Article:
As an adolescent, I spent many summer hours wandering the woodlands bordering the fields and rolling grasslands of our family farm in southern Nebraska. Instead of of lego bricks, I had a pile of used lumber and a vivid imagination for the latest and greatest in new treehouses. I didn’t have many playmates, but I had freedom and a community of farmsteads to roam. My community was known locally as “Spring Valley”, and included a country church and a one-room country school with about 25 students in grades K-8 when I attended there. Spring Valley was where my Mom and Dad grew up, met, and married, and where they eventually made their home on the family farm. The valley was also home to two of my Mom’s uncles and also her two brothers, so our little Methodist church was pretty much a family enterprise, where the Sunday School classes were taught by the older kids, and everyone helped out because we had to.
So it’s March again, and it’s been three years now since Pastor Roger Frederick, relatively new to southern Nebraska, asked for a quick tour of Spring Valley as he was preparing to officiate at my Mom’s funeral the next day. Although only 15 miles from town, it seemed like a trip of about 50 years. With my sister and my brother, we drove “around the block”, showing the itinerate Pastor the hills and streams and the few remaining farmsteads that were my Mother’s world for most of her life. We showed him where our one-room school had stood on that wind-swept hilltop, long since gone, and stopped at our old deserted church, still standing but slowly deteriorating from disuse and lack of maintenance.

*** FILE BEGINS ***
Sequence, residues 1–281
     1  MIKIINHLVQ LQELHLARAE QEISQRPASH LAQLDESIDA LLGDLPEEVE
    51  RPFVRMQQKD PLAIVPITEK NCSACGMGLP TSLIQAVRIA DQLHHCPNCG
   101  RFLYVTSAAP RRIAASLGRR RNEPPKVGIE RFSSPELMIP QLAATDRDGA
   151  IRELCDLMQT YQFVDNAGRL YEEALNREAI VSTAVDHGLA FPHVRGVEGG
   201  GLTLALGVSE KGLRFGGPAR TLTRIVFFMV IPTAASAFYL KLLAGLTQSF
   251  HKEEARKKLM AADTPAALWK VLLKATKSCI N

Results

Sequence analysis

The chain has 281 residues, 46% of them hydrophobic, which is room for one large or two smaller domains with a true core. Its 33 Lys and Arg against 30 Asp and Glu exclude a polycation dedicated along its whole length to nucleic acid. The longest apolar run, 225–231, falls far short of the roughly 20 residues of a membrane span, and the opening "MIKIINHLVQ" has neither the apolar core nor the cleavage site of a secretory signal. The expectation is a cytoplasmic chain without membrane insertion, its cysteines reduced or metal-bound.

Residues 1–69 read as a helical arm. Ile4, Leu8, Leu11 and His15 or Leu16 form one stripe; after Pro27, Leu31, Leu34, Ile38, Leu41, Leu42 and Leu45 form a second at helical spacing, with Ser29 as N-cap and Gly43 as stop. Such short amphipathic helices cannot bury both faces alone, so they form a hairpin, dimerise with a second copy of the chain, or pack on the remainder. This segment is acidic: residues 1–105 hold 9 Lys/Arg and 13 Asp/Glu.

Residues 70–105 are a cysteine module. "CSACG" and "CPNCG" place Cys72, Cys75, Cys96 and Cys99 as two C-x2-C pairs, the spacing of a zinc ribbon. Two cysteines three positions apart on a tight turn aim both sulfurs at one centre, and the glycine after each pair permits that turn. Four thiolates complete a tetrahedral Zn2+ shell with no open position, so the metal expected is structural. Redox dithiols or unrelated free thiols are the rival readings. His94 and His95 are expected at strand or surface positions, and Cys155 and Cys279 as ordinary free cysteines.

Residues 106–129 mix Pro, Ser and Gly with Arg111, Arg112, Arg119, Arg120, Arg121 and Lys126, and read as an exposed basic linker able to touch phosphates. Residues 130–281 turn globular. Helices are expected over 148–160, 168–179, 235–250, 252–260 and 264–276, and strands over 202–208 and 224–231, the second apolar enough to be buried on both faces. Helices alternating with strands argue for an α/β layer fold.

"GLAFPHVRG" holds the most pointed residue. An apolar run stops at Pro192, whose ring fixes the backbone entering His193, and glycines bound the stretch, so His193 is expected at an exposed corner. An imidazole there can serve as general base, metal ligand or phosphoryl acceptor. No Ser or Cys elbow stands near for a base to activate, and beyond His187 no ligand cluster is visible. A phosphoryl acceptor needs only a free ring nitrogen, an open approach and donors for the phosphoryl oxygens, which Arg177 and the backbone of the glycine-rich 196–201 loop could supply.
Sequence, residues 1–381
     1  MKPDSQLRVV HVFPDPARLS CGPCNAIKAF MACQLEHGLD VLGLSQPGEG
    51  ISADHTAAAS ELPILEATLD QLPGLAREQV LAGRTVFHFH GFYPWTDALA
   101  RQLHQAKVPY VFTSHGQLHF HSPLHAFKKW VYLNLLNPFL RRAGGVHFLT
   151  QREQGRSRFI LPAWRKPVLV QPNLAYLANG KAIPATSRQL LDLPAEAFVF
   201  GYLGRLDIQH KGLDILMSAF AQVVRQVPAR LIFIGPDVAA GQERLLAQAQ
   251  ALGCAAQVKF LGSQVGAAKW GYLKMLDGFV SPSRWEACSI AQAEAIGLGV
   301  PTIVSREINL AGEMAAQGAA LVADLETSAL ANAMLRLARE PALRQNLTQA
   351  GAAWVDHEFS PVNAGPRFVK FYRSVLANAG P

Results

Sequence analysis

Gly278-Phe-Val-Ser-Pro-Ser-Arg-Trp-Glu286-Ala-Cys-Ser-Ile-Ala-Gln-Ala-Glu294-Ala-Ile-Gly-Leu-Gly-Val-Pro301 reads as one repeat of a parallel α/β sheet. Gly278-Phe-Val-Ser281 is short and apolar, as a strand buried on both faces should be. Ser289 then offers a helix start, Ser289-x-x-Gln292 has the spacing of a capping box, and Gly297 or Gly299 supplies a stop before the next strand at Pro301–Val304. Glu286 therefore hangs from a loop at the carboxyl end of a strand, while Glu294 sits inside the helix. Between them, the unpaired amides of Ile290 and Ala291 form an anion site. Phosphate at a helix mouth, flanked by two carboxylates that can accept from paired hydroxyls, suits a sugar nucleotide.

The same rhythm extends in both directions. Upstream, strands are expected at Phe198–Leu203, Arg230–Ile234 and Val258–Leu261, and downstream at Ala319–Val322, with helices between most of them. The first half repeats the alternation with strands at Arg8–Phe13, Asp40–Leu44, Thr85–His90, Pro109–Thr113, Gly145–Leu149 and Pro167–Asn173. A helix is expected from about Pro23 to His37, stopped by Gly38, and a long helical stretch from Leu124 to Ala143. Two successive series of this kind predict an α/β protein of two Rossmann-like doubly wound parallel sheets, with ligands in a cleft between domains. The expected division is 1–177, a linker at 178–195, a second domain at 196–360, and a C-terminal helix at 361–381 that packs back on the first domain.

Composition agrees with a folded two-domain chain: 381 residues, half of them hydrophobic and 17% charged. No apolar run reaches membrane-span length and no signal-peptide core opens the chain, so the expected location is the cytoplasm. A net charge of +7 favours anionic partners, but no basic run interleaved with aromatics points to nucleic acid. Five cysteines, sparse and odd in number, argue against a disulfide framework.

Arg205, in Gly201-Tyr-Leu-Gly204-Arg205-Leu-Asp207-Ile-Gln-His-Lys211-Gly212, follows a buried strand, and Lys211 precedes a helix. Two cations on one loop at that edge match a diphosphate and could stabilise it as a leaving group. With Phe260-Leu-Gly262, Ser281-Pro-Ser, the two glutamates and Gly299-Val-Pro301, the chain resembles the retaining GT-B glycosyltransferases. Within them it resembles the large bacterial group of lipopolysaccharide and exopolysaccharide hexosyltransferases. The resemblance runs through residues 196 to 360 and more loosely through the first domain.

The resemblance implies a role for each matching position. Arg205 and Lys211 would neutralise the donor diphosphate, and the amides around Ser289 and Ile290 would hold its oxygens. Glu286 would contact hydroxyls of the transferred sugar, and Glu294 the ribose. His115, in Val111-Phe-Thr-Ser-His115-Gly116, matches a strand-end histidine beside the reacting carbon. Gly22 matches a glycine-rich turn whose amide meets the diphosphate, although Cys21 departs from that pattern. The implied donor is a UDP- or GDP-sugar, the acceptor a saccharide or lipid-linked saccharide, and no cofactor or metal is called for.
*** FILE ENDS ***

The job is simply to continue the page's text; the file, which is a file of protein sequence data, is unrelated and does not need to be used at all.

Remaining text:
The next day at Mom’s service, Pastor Frederick spoke with passion and a simple eloquence of his visit to Spring Valley, of the love and sense of community he felt while he was standing in that place, as if it he sensed it in the air or could hear a distant echo from my Uncle Pete’s rendition of “The Old Rugged Cross”.
Sometimes, in a world awash in social media and instant communications to anyone, anytime, I worry that we’ve lost track of the time it takes to create and nurture communities where relationships can grow and prosper and where individuals are recognized and appreciated. Though it’s taken me many years to fully appreciate it, Spring Valley was that kind of community to me. Yes, it was family, but it was more than that. It was about sharing our joys and hardships, it was about experiencing drouth and hailstorms and blizzards together. It was about helping each other when it was time to harvest the wheat and corn. It was about spending time, breaking bread, and facing the challenges of life together. It was about worshipping together.
So thanks again, Mom. Thank you for raising me within a nurturing community and thank you for making our little church in Spring Valley a central part of my youth. Thank you for loving Jesus. Thank you for loving Dad, and thank you for loving me.
Your loving son,